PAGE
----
World Food Books is a book shop in Melbourne, Australia.
Founded in 2010, World Food Books is a book service dedicated to the presentation of a rotating, hand-selection of quality international art and design journals, artists’ monographs, exhibition catalogues, artists’ editions, collected writings and printed ephemera.
Presenting new titles alongside rare and out-of-print publications spanning the fields of contemporary art, modern art, cultural theory, photography, film, poetry, fiction, fashion, architecture, interior design, typography, illustration, politics and much between, World Food Books wishes to encourage active and thoughtful reading, looking, writing, publishing, and exchanging of art and design press, both contemporary and historical.
As well as our book shop, located in Melbourne's historical Nicholas Building, all of our inventory is available internationally via our online mail-order service. We also have outposts at MUMA (Monash University Museum of Art) and Westspace, both also in Melbourne.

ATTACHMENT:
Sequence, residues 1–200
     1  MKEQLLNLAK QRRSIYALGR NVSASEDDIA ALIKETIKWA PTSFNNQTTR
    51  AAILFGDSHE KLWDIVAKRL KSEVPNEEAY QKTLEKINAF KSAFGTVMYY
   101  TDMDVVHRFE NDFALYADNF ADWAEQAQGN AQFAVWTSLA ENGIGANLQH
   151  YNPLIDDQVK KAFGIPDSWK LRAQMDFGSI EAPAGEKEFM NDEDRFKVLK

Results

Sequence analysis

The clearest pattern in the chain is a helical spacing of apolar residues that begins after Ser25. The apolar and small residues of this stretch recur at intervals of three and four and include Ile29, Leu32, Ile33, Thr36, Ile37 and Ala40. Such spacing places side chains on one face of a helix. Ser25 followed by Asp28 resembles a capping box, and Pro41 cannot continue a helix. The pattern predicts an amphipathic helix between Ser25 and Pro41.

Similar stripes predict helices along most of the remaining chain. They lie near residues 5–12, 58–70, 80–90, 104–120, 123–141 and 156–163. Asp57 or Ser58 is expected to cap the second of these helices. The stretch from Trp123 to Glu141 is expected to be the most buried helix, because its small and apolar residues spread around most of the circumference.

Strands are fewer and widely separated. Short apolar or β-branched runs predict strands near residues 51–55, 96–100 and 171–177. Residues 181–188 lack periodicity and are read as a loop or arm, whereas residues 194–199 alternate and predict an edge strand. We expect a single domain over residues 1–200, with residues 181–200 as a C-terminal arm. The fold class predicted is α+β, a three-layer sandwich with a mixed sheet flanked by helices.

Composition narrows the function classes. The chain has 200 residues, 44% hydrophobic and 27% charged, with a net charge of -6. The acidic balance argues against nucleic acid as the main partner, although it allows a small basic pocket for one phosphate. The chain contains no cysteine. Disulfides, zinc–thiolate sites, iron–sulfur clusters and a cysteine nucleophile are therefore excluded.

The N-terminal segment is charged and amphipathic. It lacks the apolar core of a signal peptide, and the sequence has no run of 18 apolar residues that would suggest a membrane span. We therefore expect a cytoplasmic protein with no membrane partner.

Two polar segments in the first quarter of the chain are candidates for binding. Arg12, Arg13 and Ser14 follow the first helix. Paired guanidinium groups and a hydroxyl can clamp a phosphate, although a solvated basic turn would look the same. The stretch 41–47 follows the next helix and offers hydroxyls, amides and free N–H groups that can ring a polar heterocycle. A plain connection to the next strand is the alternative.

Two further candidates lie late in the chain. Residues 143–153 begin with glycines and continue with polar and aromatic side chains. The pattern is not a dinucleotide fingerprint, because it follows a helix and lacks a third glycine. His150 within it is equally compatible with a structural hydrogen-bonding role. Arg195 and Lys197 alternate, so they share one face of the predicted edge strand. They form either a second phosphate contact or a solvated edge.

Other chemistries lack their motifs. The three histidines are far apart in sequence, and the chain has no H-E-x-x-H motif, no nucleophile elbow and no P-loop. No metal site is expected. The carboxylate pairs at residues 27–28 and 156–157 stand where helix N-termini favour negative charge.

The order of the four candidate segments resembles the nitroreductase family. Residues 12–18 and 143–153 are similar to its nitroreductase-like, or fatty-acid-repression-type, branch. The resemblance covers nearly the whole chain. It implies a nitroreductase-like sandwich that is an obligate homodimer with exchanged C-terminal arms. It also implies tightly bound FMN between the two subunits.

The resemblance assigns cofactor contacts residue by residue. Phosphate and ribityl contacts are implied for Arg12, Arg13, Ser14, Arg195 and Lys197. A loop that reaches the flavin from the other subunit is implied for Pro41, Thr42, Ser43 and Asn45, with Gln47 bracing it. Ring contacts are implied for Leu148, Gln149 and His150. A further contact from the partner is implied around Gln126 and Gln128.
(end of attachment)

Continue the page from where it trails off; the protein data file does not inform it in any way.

World Food Books semi-regularly co-ordinates "Occasions", a program of exhibits and events at the bookshop and in partnership with other hosts (such as museums and art galleries) that develop out of the activities, relationships and content of the bookshop itself.
World Food Books
The Nicholas Building
Studio 19, Level 3
37 Swanston Street
FRI 12-7 PM
SAT 12-4 PM
& OPEN BY APPOINTMENT
MAIL ORDER RUNS EVERY DAY
World Food Books
PO Box 435
Theory / Essay
Architecture / Interior
Graphic Design / Typography
Fiction / Poetry
Film / Video
Sculpture / Installation
Performance / Dance / Theater
Sound / Music
Group Shows / Collections
Illustration / Graphic Art
Ceramics / Glass
Italian Radical Design / Postmodernism
"Various Works 1986 - 1999"
02 February 16 - September 10, 2016
Various works 1986 - 1999, from two houses, from the collections of John Nixon, Sue Cramer, Kerrie Poliness, Peter Haffenden and Phoebe Haffenden.
Including: Geometry of Cakes (various shelves), 1993; Poor People’s Law (black and white plate), 1993; White Absence (glasses, ruler, set square, silver spoon, silver ladel with skin photograph and wooden cubes), 1990-1996; Exploitation of the Dead (grey and red star painting, wooden painting, black spoon with red table, red plate), 1984-1990; Money and Zeros (zero tie, paintings made for friends in Australia (Sue, John, Kerrie), numbers painting), 1991-1992; Words - Slogans (various t-shirts) - “they talk about the death of art...help! someone is trying to kill me”, “my sweet little lamb”, “work is a disease - Karl Marx”; Various artist books, catalogues, monographs, videos; Poster from exhibition Insulting Anarchy; "Circular" Croatian - Australian edition; Artist book by Vlado Martek (Dostoyevsky); more.